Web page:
// post: if enzyme occurs in this strand, then replace
  //       this strand with portion occurring before enzyme
  //       and return new Strand representing portion occurring
  //       after the enzyme

For example, the code below will compile and generate the output that follows.

    Restrictor ecori("gaattc");

    Strand * s = new StringStrand("aatccgaattcgtatc");
    Strand * after = s->cutWith(ecori);
    cout << "s = " << *s << endl;
    cout << "new strand = " << *after << endl;

Output of this code is
    s = aatcc
    new strand = gtatc

Note that after the cut, the strand s becomes the portion of the strand that comes before the location of the restriction enzyme pattern. A new strand is returned for the portion of the original strand that comes after the cut. The output (hopefully) shows this.

If a strand is cut with an enzyme that doesn't occur in the strand, the original strand is unchanged and the new strand returned is empty (a strand whose size is zero).

Cleaving at Every Location

The code below will divide a strand S repeatedly, creating new strands, until S can no longer be divided. Each piece that result from a cut is printed.

   int cutCount = 0;
   Strand * str = .....       // initialize Sstras a strand
   Restrictor enzyme("...");  // make enzyme a Restrictor object

   do {

       Strand * after = str->cutWith(enzyme);
       cout << cutCount << "\t" << *str << endl;   // part before cut 
       str = after;                                // then keep cutting

   } while (str->size() != 0) {

This code is the basis for the code in the clss StrandBench that simulates a lab/bench experiment.

Code you Design and Write

You're given the classes/files below, also accessible on the acpub system in ~ola/cps100/dna from which you can copy them as follows.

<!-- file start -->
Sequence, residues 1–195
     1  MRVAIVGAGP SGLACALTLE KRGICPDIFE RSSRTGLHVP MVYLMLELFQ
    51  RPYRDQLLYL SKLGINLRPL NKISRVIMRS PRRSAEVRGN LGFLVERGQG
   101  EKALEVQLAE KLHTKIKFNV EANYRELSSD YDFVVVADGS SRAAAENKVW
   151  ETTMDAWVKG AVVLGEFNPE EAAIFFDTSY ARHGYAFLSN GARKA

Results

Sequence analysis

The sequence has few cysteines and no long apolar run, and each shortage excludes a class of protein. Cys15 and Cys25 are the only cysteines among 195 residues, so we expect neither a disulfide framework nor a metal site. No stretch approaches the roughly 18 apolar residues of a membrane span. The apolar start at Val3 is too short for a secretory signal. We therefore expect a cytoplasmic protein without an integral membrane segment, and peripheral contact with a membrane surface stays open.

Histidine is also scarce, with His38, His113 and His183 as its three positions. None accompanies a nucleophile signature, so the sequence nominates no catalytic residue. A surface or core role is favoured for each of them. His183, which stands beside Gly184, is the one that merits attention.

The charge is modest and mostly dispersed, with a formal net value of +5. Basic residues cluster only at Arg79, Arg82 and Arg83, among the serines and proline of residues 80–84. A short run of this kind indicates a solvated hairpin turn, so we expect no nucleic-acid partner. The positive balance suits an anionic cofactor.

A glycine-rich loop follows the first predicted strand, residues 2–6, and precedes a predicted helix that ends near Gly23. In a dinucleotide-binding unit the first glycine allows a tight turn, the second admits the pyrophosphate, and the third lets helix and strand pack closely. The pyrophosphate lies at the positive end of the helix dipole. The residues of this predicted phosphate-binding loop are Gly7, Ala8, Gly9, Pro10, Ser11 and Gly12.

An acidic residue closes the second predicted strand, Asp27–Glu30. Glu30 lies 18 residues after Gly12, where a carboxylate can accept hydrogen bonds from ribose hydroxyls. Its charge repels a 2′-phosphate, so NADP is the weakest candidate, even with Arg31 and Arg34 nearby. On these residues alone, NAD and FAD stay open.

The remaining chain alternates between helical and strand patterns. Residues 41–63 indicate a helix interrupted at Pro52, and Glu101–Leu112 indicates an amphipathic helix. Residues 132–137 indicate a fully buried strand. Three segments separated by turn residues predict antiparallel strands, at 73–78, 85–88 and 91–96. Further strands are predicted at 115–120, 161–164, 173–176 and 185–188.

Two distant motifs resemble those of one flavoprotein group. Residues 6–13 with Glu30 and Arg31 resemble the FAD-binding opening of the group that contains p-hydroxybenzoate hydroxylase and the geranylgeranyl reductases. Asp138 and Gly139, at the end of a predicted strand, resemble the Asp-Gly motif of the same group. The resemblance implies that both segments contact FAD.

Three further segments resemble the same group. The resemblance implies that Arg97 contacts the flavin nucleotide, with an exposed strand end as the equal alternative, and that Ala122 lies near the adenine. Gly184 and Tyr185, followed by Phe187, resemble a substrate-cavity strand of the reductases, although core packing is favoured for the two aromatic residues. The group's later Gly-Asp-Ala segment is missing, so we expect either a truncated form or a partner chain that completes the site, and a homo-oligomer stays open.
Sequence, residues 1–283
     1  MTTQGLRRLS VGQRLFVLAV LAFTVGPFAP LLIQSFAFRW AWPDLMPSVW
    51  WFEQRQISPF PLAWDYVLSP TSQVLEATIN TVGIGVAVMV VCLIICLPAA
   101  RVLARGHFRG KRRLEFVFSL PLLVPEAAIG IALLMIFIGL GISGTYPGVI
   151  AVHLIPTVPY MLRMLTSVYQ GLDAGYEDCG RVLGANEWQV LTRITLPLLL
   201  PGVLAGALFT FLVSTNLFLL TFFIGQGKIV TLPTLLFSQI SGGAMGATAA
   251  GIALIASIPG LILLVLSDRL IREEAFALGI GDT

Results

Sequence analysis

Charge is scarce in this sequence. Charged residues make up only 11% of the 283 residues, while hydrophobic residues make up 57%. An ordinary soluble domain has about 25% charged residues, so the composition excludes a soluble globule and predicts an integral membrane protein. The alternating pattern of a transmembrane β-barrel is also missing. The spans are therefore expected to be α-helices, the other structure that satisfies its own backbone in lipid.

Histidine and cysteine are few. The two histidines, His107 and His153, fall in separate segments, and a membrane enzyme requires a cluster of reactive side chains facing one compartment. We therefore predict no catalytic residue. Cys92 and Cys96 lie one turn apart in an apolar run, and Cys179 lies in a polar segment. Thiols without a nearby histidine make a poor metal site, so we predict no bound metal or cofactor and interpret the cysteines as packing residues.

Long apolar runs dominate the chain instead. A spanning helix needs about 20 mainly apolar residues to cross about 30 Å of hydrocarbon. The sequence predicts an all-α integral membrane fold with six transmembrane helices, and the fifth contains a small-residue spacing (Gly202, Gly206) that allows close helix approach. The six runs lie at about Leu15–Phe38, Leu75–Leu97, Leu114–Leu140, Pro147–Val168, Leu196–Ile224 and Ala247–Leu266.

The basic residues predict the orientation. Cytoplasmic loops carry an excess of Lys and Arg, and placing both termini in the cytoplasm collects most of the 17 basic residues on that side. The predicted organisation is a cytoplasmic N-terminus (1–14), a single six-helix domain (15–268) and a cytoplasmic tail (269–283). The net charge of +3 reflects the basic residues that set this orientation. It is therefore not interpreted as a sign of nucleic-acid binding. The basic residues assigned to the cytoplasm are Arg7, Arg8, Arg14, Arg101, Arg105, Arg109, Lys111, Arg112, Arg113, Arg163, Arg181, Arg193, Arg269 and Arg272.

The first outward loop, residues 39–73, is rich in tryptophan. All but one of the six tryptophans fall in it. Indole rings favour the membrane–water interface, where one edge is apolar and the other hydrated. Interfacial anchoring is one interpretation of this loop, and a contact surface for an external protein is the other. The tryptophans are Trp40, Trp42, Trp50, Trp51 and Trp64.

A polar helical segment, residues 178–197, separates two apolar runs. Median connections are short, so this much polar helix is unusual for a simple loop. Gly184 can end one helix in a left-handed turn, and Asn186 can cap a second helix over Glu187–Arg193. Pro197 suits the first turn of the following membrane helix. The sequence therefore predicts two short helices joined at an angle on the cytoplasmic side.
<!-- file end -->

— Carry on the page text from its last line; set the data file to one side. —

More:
cd cps100
  mkdir dna
  cd dna
  cp ~ola/cps100/dna/* .

(don't forget the trailing dot)

You should link three data files to your directory, use links instead of copying because these files are large. When testing your code use a data file you create, not the data files here. When you're confident your code works, you can run on these files. Only the file ecoli.dat should take a really long time for StringStrand.

   ln -s ~ola/data/ecoli.dat
   ln -s ~ola/data/ecolimed.dat

The class LinkStrand

The class StringStrand doesn't have an efficient cutWith method because cutting a string of n-characters could result in creating two strings of n/2 characters, for example. This means that cutting an n-character string is potentially an O(n) function in addition to finding the location at which to cut. Also, cutting a string generates two new strings which takes up memory.

You can see that the StringStrand::cutWith function passes some tests by running testcut which should print nothing if the implementation being tested passes.